• their stems don’t have thorns, but do have aerial roots, which help them cling to trees and fences

Most importantly, understand that even a dead poison ivy plant or a plant without leaves can trigger a reaction.

Thinking about burning poison ivy? Don’t! Inhaling the smoke from a burning poison ivy plant can be deadly.

What about poison oak and poison sumac?

They look very similar (well, except poison sumac, which has 7-13 compound leaflets, instead of just 3), but unlike poison ivy, which grows as a vine, these other plants that can cause the same type of reaction grow as a low shrub (poison oak) or a tall shrub/small tree (poison sumac).

Avoiding Poison Ivy Rashes

If your kids are active and adventurous, it is likely going to be a little harder to avoid poison ivy than for kids who rarely go outside.

And even if they get good at spotting poison ivy, the next time they spot it, might be when they are climbing down a tree that is covered in it.

What can you do if your child is exposed to poison ivy?

  1. You can quickly cleanse the exposed areas with rubbing alcohol. How quickly? You have about 10 to 15 minutes to prevent a poison ivy reaction after an exposure.
  2. Next, rinse the exposed areas with cool water. Don’t use soap, since soap can move the urushiol around your body and actually make the reaction worse. It is the urushiol oil from the poison ivy that actually triggers your poison ivy rash.
  3. Don’t forget to scrub under your nails with a brush.
  4. Now, take a shower with soap and warm water.
  5. Lastly, put on disposable gloves and wipe everything you had with you, including shoes and tools, etc., with rubbing alcohol and water. And wash the clothes you were wearing. It is possible that urushiol that remains on these things could trigger another reaction if you touch them later.

Instead of rubbing alcohol, several over-the-counter  products are available, like Zanfel, IvyX Cleanser Towelettes, and Tecnu Extreme Poison Ivy Scrub or Cleanser.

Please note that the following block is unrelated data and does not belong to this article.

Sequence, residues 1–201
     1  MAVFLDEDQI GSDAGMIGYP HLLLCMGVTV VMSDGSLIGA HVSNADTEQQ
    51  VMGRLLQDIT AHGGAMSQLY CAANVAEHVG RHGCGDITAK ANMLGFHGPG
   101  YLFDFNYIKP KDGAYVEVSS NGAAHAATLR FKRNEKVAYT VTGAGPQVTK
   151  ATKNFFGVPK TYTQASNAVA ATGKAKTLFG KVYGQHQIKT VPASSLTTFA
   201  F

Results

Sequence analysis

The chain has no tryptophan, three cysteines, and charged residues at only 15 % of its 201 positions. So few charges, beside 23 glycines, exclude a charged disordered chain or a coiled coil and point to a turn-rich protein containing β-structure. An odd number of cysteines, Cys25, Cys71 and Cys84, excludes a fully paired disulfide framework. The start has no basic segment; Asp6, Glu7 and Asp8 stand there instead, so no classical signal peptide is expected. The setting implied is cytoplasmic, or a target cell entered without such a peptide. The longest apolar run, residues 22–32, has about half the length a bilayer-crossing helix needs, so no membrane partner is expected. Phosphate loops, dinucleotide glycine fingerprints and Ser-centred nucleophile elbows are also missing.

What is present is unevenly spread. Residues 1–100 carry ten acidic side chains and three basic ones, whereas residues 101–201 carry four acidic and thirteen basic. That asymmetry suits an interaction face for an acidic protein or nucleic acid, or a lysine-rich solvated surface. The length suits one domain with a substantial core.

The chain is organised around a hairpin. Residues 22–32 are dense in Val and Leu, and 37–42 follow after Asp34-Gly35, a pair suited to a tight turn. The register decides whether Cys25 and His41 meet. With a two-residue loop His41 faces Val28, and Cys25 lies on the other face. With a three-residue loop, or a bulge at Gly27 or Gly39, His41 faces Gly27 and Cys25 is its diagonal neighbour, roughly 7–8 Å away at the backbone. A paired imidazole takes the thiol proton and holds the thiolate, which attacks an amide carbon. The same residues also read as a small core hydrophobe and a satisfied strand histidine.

You could even use a degreasing soap (dishwashing soap, like Dawn). One group of dermatologists has suggested that you could prevent a poison ivy rash after getting exposed by using a damp washcloth and liquid dishwashing soap, washing for three minutes with “repetitive, high-pressure, single-direction wipes under hot, running water.” Repeat this full body wash two more times within one to two hours of your exposure.

If these methods don’t work and your child gets a poison ivy rash, look for treatments to control the itching and inflammation, which will likely mean visiting your pediatrician for a prescription for an oral steroid (tapered over two to three weeks to prevent a rebound rash) and a steroid cream. In addition, other anti-itch treatments and home remedies can be helpful, including an oral antihistamine, calamine lotion, oatmeal baths, cold, wet compresses made with Domeboro powder packets (modified Burow’s Solution), etc.

Keep in mind that without treatment, poison ivy rashes typically linger for about three weeks. Fortunately poison ivy isn’t contagious, so you wouldn’t have to keep your child our of school for that long, but except for very mild cases, see your pediatrician for treatment if they have poison ivy.

What to Know About Poison Ivy